Meditation For Creativity: Interview with Dr. Lorenza Colzato

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“[Our studies found that] Open Monitoring meditation induces a control state that promotes divergent thinking, a style of thinking that allows many new ideas of being generated. Second, Focused Attention meditation does not sustain convergent thinking, the process of generating one possible solution to a particular problem.” ~ Colzato, Lorenza S. et al.

Dr. Lorenza Colzato is a cognitive scientist and researcher at the Leiden Institute for Brain and Cognition in the Netherlands. Her recent research revealed that meditation can boost your creativity. Specifically, Colzato found that open monitoring meditation (such as when you notice different thoughts and feelings) improves divergent thinking, which is the kind of thought process that helps you brainstorm many ideas. Further, she suspects that meditation enhances creative thinking by improving people’s moods. We asked her a few questions about her research, which you can read in full here.

What inspired your research?

Steve Jobs, who is a very inspirational person. He is arguably one of the most creative minds of our time and he dedicated his life to Soto Zen Buddhist meditation practice.

Steve Jobs has often referred to meditation as the main source of creativity. So, I wanted to test the idea that indeed meditation makes you more creative.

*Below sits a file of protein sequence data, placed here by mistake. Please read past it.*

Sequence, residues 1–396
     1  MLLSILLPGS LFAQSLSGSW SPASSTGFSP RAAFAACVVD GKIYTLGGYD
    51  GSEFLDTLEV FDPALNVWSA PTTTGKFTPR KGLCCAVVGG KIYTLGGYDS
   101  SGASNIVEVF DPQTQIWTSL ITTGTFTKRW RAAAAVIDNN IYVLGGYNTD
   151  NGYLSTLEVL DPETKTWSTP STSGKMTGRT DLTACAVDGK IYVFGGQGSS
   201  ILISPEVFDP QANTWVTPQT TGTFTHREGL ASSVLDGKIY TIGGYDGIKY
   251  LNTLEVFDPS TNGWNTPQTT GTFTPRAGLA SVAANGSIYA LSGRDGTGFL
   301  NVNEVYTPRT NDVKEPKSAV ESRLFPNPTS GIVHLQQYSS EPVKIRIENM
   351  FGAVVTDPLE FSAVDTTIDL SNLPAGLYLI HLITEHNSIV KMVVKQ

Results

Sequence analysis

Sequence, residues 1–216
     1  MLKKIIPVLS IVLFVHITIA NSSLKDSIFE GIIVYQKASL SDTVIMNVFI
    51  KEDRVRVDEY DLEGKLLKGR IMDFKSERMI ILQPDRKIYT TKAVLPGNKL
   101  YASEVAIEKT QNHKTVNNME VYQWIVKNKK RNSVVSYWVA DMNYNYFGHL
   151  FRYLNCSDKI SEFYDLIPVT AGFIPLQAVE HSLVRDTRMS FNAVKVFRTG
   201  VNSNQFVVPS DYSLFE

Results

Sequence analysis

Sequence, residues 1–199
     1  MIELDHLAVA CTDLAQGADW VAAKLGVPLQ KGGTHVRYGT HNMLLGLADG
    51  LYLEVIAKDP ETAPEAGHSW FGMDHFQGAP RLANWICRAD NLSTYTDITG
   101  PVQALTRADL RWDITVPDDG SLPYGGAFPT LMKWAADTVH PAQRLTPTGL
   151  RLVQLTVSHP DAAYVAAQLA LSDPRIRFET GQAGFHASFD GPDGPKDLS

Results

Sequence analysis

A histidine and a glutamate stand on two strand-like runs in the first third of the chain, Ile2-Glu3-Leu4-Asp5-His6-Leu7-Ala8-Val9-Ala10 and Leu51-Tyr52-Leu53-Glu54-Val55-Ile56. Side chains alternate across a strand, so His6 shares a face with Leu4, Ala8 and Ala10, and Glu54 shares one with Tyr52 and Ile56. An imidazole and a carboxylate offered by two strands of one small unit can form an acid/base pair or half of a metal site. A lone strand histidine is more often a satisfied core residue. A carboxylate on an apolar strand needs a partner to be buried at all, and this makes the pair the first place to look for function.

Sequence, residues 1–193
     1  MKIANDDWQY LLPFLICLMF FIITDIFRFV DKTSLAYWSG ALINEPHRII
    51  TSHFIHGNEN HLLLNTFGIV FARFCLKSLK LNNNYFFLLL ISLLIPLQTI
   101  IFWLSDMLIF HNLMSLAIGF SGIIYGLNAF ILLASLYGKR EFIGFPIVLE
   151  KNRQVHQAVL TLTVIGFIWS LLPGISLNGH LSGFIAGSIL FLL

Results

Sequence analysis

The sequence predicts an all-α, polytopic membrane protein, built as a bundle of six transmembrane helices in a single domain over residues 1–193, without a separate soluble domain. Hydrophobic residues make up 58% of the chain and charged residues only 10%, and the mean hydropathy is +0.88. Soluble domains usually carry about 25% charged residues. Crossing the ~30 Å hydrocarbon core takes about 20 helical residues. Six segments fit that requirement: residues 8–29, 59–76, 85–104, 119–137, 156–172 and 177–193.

What practical insights can someone take from your study?

The practical lesson for people is that if they need to do a brain storm session at work, they could do an open monitoring meditation (such as Vipassana) before it. By doing so, they will be able  to generate even more new ideas. So, in this respect practitioners could change “when” they meditate.

Do you have any future research planned?

Currently we are investigating how much practice is necessary to obtain meditation effects on creativity and whether this effect is due to a trait (of being an individual interested in meditation), a state (ad-hoc induced by meditation), or both. To test for these possibilities, we are comparing a group of practitioners and a group of novices.

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